Autumn—season of my birth. And Trent’s. Season of leather goods and chunky sweaters. Season of pumpkin pie and pumpkin bread and artificially-flavored pumpkin everything.
(In the autumns of recent years, the overblown commercialized autumns, has the world begun to taste like a big, fat Yankee Candle smells? Or is that just me?)
Season of “Explosions in the Sky” albums I adore and football games I pay no mind. Season of learning and walking and living in awe. Season that makes everyone believe without noticing that death and decay are beautiful things.
And they are. Oh, they are.
I remember being busy in college with my hand in a million things and my nose in a million more and thinking, “I can’t wait until I have time to actually clean my apartment.” I used to fantasize about having enough free time to do my dishes and vacuum my floors, time to exercise regularly and make myself breakfast and have some semblance of a normal, functional daily life.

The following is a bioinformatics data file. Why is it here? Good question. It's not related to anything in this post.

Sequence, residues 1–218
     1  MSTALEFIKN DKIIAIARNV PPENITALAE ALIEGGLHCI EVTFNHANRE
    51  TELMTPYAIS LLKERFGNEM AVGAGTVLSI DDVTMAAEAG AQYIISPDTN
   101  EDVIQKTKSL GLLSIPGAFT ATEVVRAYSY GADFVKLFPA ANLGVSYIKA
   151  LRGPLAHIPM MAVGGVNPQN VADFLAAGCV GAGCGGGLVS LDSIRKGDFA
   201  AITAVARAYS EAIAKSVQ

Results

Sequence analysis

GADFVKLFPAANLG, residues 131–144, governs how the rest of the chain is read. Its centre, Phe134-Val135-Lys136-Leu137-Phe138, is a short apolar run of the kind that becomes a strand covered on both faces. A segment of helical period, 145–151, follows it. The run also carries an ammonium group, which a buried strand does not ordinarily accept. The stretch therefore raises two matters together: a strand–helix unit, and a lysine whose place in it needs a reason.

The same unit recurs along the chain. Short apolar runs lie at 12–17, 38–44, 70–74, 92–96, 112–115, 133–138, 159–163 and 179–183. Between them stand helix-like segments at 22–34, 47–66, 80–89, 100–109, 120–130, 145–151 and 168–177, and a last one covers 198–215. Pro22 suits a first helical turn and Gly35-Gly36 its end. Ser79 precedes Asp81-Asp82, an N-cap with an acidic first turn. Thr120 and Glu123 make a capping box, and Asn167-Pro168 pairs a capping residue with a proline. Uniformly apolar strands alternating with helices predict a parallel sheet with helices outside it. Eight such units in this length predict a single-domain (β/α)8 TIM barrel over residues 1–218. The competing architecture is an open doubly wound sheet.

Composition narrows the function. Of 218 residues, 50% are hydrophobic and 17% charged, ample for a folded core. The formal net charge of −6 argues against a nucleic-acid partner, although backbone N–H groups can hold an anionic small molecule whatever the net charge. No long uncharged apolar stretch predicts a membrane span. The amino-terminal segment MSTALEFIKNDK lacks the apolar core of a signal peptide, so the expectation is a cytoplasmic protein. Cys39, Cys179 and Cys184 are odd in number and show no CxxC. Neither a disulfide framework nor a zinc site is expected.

Tonight I’m sitting in a bed that hasn’t been made in six months. There’s a table littered with dishes in the next room, still dirty from the last time I made dinner (or anything), which was Sunday. There are piles of things in the hallway—”Put Away Later” piles and “Find a Place For This” piles and “Throw Away” piles. I haven’t even gotten around to throwing stuff away. A few days ago, my house was clean. And now this.
I had free time tonight after I put Scout to bed. I finished off “West Wing” and worked on a few on-going games of “Words With Friends” and thumbed through Maya Angelou. I didn’t spend it cleaning. I didn’t spend my time tinkering away at the life I thought I wanted. I tinkered, but not at that.